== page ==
Mr Power, who is standing as the Liberal Democrat candidate for the South Brent and Yealmpton division in May’s county council elections, added: “The Liberal Democrats at County Hall urged the Conservative administration not to make the cuts and proposed an alternative budget that would avoid the reduction in school funding.”


Education law expert blames council for schools cash crisis | News | Totnes Times


Free school meals would benefit 500 Ivybridge children says Labour candidate

Friday, 7 April 2017 By Toby Leigh in Politics


A candidate for May’s county council elections has got behind his party’s pledge to provide free school meals for all primary pupils. Tony Rea from Ivybridge said he fully supports the announcement by Labour, and claims around 500 primary pupils in the town alone would benefit.

Labour says 29,019 children across Devon would receive free meals under its proposals. The party has said it will fund the policy by introducing VAT on private school fees, and it "will benefit the educational attainment and health of all children, while ending a subsidy to the privileged few".

Labour cites research by the National Centre for Social Research and the Institute for Fiscal Studies showing universal access to free school meals improves educational attainment, enabling primary school pupils to advance by around two months on average. It also says school meals are a healthier option than packed lunches, containing more fruit and vegetables on average.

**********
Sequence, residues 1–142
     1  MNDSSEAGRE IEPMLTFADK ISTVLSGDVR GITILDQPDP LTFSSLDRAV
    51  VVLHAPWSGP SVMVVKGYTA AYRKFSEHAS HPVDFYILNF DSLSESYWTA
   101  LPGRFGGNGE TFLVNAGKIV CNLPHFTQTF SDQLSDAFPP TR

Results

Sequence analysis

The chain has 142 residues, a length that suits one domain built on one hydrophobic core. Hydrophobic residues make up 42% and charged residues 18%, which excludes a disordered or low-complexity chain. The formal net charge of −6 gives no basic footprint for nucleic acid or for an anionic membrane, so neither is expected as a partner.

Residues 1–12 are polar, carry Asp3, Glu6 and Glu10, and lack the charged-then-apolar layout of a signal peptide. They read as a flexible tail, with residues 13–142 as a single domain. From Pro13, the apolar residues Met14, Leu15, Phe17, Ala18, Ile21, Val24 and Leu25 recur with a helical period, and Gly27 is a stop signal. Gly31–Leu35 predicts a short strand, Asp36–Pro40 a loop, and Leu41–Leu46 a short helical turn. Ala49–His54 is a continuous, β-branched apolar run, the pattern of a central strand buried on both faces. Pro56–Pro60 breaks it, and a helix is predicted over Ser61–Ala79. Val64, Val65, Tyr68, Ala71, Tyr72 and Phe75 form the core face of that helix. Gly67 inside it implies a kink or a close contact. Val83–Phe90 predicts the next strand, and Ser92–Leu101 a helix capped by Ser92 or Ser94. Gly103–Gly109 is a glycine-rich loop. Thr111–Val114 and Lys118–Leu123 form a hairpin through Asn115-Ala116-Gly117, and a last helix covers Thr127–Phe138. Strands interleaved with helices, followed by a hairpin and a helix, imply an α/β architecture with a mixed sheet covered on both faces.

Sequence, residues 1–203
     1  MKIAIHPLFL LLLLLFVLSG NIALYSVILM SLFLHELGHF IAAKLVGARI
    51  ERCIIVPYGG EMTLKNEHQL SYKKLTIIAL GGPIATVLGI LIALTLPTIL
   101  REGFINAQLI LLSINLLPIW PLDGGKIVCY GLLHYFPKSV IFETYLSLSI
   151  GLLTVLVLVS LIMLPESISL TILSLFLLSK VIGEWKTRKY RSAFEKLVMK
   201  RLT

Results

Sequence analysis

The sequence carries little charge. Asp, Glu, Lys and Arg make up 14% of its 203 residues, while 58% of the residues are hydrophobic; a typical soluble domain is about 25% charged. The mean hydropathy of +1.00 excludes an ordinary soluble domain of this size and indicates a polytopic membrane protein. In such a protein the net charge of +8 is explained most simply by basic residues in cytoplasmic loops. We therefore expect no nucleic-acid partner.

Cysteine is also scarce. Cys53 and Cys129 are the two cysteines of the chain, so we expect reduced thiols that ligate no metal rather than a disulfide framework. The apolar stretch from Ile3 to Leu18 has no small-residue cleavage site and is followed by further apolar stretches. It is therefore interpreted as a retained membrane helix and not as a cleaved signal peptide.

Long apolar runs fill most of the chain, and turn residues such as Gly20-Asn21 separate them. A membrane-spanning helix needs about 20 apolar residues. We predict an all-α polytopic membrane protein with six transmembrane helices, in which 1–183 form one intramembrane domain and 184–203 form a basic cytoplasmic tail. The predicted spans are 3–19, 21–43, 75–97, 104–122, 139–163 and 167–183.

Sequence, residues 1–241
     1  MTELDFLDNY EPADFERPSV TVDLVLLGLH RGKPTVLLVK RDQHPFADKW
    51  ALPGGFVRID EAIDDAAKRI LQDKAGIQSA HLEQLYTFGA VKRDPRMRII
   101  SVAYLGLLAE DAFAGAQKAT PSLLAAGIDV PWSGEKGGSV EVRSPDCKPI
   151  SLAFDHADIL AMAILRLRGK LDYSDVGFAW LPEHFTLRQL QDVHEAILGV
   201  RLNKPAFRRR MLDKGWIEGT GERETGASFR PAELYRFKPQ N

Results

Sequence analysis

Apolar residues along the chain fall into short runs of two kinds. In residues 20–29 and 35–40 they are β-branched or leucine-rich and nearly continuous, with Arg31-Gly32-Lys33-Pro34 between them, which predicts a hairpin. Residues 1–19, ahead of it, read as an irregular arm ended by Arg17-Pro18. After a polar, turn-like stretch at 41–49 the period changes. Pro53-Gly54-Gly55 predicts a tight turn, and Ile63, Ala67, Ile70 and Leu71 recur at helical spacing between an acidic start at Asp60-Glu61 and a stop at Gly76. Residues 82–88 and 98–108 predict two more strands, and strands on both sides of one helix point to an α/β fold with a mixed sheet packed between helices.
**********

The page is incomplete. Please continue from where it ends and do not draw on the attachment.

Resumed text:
Free school meals would benefit 500 Ivybridge children says Labour candidate | News | South Hams Gazette
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Knowle relocation project: and facing bankruptcy

The latest version of the plans to relocate to Honiton/Exmouth have been waved through:
Futures Forum: Knowle relocation project: Audit and Scrutiny Cttees consider Cabinet proposals: reports

This is despite still-huge questions about the financial viability of the project:
Futures Forum: Knowle relocation project: ‘spend now, pay later’

Much of this is being financed by asset-stripping:
Futures Forum: Knowle relocation project: "We’re digging into the opportunities to release assets and invest in assets to increase revenue streams."

Although it is by no means clear that any eventual sale of the Knowle site will 'release' enough: